The notion of institutional factors, here, highlights the interplay between causal mechanisms and the facilitating factors affecting the effectiveness of policy transmission. Several authors highlight the role of institutional, cultural and socioeconomic similarities across nations as determinants of successful policy transmission (Radaelli 2000, Simmons and Elkins 2004, Knill 2005, Levi-Faur 2005). The more uncertain actors are, and the poorer the information available to them, the more likely they are to seek relevant policy examples from countries in similar situations to them. This seems logically true, and is evidenced to some extent by Simmons and Elkins research, although they highlight that, surprisingly to them, religion is the most important factor in these calculations. Furthermore, the literature argues that the implications leading from the policy that is being transferred will determine the success of transmission. Redistributive policy, as opposed to regulative policy, is more difficult to diffuse cross-nationally, as it mobilizes more interests more vigorously. Where policy is not congruent to existing ideas and interests, it is likely to fail to transmit (Radaelli 2000). This may explain why liberalization has been relatively easy for countries like the UK to liberalise as part of the EU, as they have a tradition of the small state and open economy compared with others like Germany, who took far longer to harmonize their policy as part of the single market. Again, we see support for the idea that rather than homogenization, we are witnessing general tendencies towards liberalism. This is further support for the view that a variety of different factors contributed to the move to liberal market institutions and that no one factor can be deterministic across cases.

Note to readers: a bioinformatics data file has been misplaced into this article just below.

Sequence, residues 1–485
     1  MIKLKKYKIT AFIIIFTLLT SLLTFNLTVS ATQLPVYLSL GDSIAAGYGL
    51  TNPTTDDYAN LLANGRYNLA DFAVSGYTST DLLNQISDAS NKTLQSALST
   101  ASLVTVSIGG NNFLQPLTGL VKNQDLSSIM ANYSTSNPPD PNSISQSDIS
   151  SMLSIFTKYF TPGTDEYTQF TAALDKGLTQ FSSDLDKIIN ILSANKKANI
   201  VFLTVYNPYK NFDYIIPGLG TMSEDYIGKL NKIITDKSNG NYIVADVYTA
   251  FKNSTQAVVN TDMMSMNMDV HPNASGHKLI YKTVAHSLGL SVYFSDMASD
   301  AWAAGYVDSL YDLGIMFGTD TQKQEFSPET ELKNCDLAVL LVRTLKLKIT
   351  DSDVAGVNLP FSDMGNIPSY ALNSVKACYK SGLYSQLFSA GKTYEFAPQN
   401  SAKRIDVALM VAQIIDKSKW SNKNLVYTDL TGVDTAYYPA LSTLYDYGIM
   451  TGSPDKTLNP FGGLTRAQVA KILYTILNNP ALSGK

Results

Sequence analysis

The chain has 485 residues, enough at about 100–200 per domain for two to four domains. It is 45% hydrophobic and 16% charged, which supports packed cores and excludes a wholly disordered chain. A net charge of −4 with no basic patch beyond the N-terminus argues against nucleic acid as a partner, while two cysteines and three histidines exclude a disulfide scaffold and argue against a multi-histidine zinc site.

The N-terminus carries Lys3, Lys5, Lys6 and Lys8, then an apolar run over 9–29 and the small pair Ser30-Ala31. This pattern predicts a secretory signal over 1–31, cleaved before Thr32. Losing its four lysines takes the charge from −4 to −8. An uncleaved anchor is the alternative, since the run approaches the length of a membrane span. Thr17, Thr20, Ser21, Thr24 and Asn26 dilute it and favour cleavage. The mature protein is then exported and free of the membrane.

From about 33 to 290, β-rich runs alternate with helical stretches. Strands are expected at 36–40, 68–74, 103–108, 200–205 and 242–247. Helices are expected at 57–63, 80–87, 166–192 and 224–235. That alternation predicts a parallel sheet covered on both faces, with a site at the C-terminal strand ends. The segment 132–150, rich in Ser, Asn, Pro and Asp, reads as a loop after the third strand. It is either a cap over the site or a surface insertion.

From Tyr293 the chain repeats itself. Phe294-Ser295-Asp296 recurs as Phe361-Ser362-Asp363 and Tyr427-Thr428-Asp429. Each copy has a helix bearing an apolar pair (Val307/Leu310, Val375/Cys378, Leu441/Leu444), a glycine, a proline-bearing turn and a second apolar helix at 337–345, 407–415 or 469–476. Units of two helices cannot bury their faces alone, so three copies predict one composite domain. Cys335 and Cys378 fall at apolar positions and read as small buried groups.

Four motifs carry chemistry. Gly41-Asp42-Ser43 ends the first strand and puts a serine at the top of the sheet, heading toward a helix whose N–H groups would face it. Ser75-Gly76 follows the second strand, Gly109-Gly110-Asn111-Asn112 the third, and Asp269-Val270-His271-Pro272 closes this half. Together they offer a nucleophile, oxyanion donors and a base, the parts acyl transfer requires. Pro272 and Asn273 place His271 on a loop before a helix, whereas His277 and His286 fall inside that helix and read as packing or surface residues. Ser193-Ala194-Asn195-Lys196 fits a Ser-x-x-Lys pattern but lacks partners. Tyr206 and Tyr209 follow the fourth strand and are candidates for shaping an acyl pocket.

I have highlighted several theoretical frameworks within the literature that attempt to explain the spread of liberal market institutions and policy transfer in a broad context. When applied to real world examples, it appears most frameworks are able to provide a plausible account of this spread, but it is clear that any complete account must take into consideration the role of ideas, interests and existing institutions in balance.